Each time, we recurrently obtain $$$ q_{i + 1} $$$ base on $$$ q_i $$$ and try to use $$$ 2^{i + 1} $$$ queries to recover a 0-1 sequence of length $$$ 2 f_i + 2^i - 1 $$$. During our process, we always assume the last term of $$$ q_i $$$ queries the sum of the sequence.

Then we can perform the following queries for $$$ j $$$-th set $$$ S \in q_i $$$ which is not a complete set: $$$ S \cup \lbrace x + f_i | x \in S\rbrace \cup \lbrace 2 f_i + j \rbrace $$$ and $$$ S \cup \lbrace x + f_i | 1 \le x \le f_i, x \not \in S\rbrace $$$. The remaining two queries are $$$ \lbrace x | f_i + 1 \le x \le 2 f_i \rbrace $$$ and $$$ \lbrace x | 1 \le x \le 2 f_i + 2^i - 1 \rbrace $$$, which is consistent with our assumption.

Then in each pair of queries, we get result $$$ a $$$ and $$$ b $$$. Suppose the number of ones in items indexed from $$$ f_i + 1 $$$ to $$$ 2 f_i $$$ is $$$ m $$$, then $$$ \lfloor (a + b - m) / 2 \rfloor $$$ indicate the sum over $$$ S $$$, and $$$ \lfloor (a - b + m) / 2 \rfloor $$$ indicate the sum over $$$ \lbrace x + f_i | x \in S\rbrace $$$, and $$$ (a + b + m) \bmod 2 $$$ indicate the value of $$$ 2 f_i + j $$$.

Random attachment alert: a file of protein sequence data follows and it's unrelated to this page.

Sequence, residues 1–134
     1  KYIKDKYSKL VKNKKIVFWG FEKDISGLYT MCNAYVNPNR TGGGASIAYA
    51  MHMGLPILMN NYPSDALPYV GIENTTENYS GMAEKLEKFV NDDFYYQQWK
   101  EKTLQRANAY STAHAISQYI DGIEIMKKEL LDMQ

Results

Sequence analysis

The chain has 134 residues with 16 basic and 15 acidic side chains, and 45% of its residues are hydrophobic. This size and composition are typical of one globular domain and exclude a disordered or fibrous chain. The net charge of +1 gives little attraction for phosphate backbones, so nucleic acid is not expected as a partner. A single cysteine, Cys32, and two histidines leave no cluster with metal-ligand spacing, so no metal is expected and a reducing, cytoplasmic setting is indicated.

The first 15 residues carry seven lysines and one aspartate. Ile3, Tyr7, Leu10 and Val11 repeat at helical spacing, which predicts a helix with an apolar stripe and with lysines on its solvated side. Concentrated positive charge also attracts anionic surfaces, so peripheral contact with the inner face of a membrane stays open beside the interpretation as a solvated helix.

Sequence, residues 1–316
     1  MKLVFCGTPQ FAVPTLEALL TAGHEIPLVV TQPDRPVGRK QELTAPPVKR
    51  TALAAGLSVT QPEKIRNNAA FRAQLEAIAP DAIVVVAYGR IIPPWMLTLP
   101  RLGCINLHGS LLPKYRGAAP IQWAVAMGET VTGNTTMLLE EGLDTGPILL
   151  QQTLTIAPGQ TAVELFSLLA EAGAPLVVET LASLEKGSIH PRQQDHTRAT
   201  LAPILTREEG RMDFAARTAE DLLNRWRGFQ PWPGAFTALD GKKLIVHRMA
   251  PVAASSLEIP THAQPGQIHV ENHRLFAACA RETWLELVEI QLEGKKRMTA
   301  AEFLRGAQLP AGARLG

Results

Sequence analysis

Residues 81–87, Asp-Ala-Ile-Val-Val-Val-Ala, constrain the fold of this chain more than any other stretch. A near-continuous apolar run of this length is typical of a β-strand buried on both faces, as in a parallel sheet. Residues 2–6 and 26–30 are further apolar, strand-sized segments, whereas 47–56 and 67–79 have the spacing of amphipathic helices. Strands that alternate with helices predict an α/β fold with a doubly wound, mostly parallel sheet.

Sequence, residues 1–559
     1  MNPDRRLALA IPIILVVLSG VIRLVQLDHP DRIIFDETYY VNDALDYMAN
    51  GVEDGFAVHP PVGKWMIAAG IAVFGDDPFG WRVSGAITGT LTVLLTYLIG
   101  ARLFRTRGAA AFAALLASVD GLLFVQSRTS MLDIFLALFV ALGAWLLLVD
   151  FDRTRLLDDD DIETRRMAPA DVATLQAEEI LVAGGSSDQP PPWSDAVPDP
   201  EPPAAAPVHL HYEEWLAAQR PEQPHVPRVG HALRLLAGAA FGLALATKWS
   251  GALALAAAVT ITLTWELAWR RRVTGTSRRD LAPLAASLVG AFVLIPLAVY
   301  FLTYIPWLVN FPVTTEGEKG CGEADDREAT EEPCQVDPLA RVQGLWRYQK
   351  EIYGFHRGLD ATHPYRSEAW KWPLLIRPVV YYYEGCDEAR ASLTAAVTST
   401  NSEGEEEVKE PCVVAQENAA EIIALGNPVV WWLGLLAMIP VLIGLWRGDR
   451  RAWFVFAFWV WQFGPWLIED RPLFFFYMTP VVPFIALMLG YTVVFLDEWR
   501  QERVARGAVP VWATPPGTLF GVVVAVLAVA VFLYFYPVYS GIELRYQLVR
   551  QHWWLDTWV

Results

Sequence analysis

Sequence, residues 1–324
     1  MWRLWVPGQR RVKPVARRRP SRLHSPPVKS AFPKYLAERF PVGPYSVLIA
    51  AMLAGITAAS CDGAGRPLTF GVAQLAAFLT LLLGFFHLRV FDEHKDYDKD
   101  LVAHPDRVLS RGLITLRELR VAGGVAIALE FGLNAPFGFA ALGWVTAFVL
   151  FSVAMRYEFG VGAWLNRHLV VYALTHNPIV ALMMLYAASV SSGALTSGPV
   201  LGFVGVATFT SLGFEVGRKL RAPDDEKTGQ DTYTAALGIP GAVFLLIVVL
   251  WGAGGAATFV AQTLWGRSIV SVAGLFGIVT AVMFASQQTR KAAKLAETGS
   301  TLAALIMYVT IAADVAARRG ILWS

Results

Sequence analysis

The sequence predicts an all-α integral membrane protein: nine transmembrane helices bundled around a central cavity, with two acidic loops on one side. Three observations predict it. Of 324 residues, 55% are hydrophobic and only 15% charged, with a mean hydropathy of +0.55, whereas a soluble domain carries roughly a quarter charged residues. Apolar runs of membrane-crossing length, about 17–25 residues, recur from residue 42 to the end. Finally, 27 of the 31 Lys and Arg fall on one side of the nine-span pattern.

This enables us to use $$$ 2^n $$$ queries to recover a sequence of length $$$ n 2^n + 1 $$$ since $$$ f_n = n 2^n + 1 $$$.

Very cool!!

This is also clearly optimal, since we are discovering $$$n$$$ bits of information, and each query has $$$\log n$$$ bits.

Just two typos:

To recover bit $$$2f_i+j$$$ I think you need to compute $$$(a+b+m)\bmod 2$$$ rather than $$$(a+b)\bmod 2$$$.

In the final sentence, it should say $$$f_n = n 2^{n-1}+1$$$, rather than $$$2^n(\log n-1)$$$.

Do you know who originally came up with this algorithm?

Updated. I did not remember even where the problem originally came from :(

How do we solve the main problem if we can recover a 0-1 sequence given a sum?

The high-level idea is, we divide the main problem into two phases: In the first phase, we determine the value of some positions; in the second phase, we query the sum of remaining positions. Recover 0-1 sequence is used in the first phase to determine more values of positions so that the main problem can be solved within a bounded number of queries.